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Mt. Holz Science Fiction Society
Club Notice - 09/20/96 -- Vol. 15, No. 12
Table of Contents
Unless otherwise stated, all meetings are in the Middletown cafeteria Wednesdays at noon.
DATE TOPIC (no meetings scheduled) Outside events: The Science Fiction Association of Bergen County meets on the second Saturday of every month in Upper Saddle River; call 201-933-2724 for details. The New Jersey Science Fiction Society meets on the third Saturday of every month in Belleville; call 201-432-5965 for details.
MT Chair/Librarian: Mark Leeper MT 3E-433 908-957-5619 email@example.com HO Chair: John Jetzt MT 2E-530 908-957-5087 firstname.lastname@example.org HO Librarian: Nick Sauer HO 4F-427 908-949-7076 email@example.com Distinguished Heinlein Apologist: Rob Mitchell MT 2D-536 908-957-6330 firstname.lastname@example.org Factotum: Evelyn Leeper MT 3E-433 908-957-2070 email@example.com Backissues available at http://www.mt.lucent.com/~ecl/MTVOID/backissues.html or http://sf.www.lysator.liu.se/sf_archive/sf-texts/MT_Void/. All material copyright by author unless otherwise noted.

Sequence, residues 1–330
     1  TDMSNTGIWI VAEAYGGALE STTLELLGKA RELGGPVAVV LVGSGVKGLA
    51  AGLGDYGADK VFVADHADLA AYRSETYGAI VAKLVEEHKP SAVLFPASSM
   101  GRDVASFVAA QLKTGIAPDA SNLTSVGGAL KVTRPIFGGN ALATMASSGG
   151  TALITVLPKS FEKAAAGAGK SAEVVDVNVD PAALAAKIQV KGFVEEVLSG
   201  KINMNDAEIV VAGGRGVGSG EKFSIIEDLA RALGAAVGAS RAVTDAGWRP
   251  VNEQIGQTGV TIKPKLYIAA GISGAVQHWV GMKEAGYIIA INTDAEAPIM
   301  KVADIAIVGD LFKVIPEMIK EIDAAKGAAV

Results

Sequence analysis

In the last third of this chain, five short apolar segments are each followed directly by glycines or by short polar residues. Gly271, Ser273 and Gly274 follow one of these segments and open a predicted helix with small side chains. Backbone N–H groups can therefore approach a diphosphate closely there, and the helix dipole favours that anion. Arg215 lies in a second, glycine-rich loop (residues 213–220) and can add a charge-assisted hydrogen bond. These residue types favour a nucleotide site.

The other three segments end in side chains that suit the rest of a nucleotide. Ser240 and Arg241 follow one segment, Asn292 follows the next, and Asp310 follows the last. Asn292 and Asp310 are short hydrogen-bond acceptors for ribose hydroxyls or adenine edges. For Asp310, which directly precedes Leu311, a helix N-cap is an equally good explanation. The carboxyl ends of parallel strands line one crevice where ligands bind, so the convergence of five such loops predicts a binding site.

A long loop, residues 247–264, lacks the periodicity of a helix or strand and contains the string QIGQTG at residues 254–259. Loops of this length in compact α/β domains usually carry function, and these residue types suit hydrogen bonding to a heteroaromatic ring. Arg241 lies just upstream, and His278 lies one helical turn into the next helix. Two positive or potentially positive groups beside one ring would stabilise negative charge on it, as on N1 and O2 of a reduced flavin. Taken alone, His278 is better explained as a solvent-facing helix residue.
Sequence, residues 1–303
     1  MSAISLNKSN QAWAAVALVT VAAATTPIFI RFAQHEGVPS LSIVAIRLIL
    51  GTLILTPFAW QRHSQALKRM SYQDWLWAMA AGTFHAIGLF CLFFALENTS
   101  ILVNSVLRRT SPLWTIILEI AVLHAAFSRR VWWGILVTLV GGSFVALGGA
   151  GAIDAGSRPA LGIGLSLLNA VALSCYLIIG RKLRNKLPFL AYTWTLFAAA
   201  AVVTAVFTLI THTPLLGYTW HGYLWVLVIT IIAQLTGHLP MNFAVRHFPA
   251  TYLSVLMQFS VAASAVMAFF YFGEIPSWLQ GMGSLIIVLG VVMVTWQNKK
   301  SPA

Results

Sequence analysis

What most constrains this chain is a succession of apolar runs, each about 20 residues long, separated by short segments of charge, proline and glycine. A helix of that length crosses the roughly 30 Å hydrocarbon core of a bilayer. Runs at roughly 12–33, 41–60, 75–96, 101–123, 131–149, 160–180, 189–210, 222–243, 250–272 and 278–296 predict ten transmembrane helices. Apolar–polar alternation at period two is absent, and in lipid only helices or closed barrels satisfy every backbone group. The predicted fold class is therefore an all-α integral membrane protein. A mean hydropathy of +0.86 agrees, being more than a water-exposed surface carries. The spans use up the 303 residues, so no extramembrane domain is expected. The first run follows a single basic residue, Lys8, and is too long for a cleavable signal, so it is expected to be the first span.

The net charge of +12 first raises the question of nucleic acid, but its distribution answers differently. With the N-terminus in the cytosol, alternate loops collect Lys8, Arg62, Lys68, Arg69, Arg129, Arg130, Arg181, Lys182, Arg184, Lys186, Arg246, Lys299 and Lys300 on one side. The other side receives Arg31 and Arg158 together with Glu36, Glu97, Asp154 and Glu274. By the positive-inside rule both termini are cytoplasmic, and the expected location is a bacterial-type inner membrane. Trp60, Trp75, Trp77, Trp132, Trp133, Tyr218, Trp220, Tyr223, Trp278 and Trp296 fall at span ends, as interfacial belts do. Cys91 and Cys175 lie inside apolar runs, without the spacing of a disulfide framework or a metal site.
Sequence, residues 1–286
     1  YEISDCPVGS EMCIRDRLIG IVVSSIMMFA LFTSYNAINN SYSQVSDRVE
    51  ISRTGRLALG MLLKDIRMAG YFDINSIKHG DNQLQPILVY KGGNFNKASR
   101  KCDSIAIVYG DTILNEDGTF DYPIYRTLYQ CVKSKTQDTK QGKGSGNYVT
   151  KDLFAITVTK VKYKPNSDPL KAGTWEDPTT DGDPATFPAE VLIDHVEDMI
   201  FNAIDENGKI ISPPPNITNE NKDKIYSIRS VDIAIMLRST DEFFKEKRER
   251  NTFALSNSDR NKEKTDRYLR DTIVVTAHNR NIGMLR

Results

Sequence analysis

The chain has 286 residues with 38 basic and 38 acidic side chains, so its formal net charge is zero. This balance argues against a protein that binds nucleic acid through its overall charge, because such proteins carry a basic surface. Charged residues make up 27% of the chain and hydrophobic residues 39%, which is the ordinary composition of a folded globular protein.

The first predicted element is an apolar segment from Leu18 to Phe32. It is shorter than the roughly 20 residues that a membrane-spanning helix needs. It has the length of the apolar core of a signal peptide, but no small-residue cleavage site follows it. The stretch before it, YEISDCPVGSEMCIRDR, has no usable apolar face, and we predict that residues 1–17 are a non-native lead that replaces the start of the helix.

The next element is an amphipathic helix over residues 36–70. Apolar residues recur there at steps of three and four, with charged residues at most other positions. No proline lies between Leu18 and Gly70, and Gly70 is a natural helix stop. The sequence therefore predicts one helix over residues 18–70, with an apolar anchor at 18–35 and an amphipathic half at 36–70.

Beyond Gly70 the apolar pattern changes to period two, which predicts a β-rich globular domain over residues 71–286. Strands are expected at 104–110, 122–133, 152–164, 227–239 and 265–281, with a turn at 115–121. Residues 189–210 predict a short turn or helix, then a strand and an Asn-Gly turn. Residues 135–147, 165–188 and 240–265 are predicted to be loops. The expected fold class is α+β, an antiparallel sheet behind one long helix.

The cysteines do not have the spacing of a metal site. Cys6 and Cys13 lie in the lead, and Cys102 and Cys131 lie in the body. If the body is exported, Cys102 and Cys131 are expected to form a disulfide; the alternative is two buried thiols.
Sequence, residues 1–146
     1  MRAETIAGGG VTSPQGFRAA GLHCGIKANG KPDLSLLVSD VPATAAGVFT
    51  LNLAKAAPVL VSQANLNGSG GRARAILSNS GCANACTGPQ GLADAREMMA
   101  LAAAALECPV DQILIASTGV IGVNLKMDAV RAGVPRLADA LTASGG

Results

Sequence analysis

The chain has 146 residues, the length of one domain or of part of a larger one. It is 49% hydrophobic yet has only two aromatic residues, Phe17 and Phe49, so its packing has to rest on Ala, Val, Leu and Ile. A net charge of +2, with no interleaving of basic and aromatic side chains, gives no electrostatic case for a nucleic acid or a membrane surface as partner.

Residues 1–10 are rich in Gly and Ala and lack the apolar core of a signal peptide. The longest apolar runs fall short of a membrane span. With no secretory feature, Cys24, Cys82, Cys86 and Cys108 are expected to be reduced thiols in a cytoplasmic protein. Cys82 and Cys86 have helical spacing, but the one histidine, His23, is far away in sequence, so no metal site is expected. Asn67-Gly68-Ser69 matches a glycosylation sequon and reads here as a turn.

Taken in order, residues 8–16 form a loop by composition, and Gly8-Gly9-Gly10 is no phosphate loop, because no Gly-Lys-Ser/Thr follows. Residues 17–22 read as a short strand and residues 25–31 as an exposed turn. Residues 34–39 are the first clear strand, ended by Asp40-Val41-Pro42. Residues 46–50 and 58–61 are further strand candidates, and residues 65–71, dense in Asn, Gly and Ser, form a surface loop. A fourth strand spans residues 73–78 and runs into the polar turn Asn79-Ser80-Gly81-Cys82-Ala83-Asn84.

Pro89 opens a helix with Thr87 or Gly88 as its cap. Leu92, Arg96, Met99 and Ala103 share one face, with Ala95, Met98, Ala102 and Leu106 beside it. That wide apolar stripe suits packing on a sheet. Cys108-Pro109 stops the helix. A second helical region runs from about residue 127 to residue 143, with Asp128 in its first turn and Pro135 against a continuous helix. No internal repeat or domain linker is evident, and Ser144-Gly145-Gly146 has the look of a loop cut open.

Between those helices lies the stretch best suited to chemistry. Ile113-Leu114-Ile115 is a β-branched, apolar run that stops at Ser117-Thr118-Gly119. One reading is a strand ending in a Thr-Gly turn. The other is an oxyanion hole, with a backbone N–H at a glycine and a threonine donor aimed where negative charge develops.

URL of the week:
http://www.omnimag.com. The newly revised and revamped OMNI on-line magazine site. OMNI is now publishing *only* on-line. [-ecl]